UFC 140: Jon Jones vs. Lyoto Machida Head-to-Toe Breakdown

Matt JuulContributor IIIOctober 6, 2011

UFC 140: Jon Jones vs. Lyoto Machida Head-to-Toe Breakdown

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    UFC President Dana White announced via Twitter today that UFC Light-Heavyweight champion Jon Jones will be defending his title for the second time before year's end—but not against Rashad Evans.

    Former UFC Light-Heavyweight champion Lyoto Machida will be facing Jones at UFC 140 on Dec. 10 in Toronto, Ontario.

    Machida has been without an opponent since defeating Randy Couture at UFC 129 in April. Many thought that White was punishing the former champion for asking for "Anderson Silva money" when asked to step in for Phil Davis at UFC 133 against Evans.

    Now that their apparent rift is mended, Machida is back in the top contender spot. But regaining the title will be a tall order—both figuratively and literally—against the seemingly unstoppable Jones.

    Here's the head-to-toe breakdown for this sure to be exciting championship bout.

Striking

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    Stylistically, both Jones and Machida are very elusive and creative strikers.

    A master of Shotokan karate, Machida uses his uncommon footwork to keep his distance from his opponents, frustrating them before pouncing with hand and foot combinations.

    Machida has used this tactic effectively, integrating lead leg kicks and jumping techniques to devastate opponents, most recently retiring Randy Couture with a jump front kick to the face at UFC 129.

    Jones is a very creative striker as well, utilizing spinning elbows, jump kicks and any other move under the sun to baffle his opponents.

    Not only is he creative, but his strikes hit hard—especially his elbows—making him a huge threat to anyone on their feet.

    When Jones took the title in March against Shogun Rua, he dominated the striking specialist on his feet and showed that he can hang with the big boys.

    But, because of Machida's tactical approach, elusive footwork and just as devastating strikes, he takes the slight edge in this category.

    Advantage: Machida

Grappling

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    Both Machida and Jones are solid grapplers that can work their opponents on the canvas.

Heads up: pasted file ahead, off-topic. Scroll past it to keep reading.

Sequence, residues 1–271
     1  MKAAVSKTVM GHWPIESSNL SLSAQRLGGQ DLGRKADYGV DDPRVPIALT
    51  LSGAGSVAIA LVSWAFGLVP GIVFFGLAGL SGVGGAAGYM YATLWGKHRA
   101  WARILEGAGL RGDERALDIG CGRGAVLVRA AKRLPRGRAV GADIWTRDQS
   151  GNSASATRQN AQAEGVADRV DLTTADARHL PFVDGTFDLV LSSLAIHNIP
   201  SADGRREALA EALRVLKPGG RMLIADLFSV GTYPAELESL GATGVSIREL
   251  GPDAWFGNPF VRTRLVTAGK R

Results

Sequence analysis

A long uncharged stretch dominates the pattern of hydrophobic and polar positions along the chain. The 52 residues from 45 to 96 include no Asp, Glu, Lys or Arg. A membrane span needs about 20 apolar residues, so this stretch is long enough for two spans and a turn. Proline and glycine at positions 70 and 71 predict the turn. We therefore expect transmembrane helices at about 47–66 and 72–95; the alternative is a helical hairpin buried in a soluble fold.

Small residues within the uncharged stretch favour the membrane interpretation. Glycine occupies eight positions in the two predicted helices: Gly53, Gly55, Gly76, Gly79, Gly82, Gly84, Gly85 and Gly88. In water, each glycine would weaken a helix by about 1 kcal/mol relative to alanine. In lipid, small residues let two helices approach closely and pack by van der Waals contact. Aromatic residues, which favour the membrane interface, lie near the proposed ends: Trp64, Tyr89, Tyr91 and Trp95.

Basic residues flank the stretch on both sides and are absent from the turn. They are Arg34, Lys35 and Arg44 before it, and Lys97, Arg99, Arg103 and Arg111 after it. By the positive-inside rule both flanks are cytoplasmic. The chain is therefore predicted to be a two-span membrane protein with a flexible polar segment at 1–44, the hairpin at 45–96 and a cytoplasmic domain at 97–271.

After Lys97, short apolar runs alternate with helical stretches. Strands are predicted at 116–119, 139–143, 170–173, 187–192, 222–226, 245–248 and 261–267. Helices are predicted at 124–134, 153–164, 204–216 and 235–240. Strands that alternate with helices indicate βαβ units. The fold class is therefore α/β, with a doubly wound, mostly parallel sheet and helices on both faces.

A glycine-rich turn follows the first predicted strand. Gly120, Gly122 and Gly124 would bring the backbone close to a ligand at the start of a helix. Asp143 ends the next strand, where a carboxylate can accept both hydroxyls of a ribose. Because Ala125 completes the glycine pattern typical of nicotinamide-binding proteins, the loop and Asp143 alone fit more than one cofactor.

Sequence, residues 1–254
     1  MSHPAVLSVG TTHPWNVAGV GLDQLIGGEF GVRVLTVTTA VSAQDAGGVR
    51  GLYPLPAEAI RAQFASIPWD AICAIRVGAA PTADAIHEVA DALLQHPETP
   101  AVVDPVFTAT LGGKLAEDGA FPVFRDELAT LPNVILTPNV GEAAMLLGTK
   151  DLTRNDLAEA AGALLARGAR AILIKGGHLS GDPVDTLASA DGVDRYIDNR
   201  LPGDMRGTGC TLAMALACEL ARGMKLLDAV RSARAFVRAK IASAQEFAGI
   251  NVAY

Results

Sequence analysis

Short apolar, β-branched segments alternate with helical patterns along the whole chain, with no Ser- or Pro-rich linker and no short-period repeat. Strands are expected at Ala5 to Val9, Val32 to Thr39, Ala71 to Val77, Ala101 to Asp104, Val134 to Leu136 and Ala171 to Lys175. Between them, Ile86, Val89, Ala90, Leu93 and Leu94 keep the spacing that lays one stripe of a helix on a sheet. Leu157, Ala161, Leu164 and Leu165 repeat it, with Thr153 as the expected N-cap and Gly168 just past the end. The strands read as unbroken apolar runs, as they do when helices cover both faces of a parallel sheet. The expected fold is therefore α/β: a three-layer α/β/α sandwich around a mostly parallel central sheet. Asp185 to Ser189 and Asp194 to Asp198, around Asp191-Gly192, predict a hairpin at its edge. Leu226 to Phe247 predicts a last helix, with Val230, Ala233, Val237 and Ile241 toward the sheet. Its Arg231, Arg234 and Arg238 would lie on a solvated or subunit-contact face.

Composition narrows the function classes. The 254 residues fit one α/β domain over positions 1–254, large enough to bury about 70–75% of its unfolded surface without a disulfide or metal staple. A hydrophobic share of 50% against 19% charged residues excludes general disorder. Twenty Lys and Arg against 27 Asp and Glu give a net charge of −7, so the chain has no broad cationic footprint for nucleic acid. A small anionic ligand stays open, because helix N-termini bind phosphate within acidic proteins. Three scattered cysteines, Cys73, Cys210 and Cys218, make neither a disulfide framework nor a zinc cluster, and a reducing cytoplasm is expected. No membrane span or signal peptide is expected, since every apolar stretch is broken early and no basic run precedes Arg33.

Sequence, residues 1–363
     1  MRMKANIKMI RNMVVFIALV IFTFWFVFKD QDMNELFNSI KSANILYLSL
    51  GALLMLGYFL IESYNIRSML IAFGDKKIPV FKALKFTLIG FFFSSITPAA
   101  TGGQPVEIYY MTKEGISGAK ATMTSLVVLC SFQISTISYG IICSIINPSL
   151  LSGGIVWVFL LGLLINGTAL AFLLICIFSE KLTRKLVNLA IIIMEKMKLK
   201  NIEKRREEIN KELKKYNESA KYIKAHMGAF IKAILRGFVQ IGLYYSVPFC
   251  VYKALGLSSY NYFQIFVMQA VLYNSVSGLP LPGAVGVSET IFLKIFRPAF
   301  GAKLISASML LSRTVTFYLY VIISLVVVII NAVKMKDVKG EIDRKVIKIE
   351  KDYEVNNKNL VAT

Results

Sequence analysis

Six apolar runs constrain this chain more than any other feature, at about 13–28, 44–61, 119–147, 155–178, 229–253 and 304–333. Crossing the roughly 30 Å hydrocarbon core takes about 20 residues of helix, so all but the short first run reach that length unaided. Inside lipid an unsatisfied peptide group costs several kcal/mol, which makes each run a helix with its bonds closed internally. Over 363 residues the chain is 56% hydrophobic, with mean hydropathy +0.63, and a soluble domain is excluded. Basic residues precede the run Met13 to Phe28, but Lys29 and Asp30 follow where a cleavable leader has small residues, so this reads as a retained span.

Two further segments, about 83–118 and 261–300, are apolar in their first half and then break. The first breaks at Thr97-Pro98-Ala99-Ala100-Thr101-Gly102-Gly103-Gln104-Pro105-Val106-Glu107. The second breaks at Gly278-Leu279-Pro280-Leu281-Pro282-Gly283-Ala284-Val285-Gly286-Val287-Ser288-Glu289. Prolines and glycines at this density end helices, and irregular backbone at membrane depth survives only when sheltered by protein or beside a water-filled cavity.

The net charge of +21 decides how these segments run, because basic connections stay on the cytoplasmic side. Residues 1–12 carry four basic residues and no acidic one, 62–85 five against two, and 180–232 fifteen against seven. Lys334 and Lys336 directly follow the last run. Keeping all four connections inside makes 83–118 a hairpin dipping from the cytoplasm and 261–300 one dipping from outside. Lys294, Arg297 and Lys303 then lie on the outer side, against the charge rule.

Machida is a Brazilian Jiu-Jitsu blackbelt with a solid guard.  He has only been put on his back a handful of times, but each instance Machida has held his own.

    Jones is also a solid grappler, utilizing his wrestling background and coach Greg Jackson's Gaidojutsu. He has shown a very dominant top control, but has yet to reveal his bottom game.

    Since Machida has shown a wider range of his grappling arsenal, specifically his guard, he again takes a slight edge over Jones.

    Advantage: Machida

Wrestling

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    In terms of pure wrestling, Jones has a huge advantage.

    A top level junior college wrestler, Jones brought this experience to his MMA career, dominating every opponent he's faced with his vicious slams and takedowns.

    Jones initially had trouble with Rampage Jackson at UFC 135, unable to take down the former champion in the opening round. He found his rhythm at the end of the fight, bringing Jackson to the mat before ultimately submitting him.

    Machida has shown a solid takedown defense, but has no true wrestling experience. He has trained in sumo and utilizes sweeps efficiently, but Machida has never really used traditional wrestling.

    Advantage: Jones

Submissions

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    A slick submission artist, Jones has a wide array of techniques that have tapped out some of the best in the sport.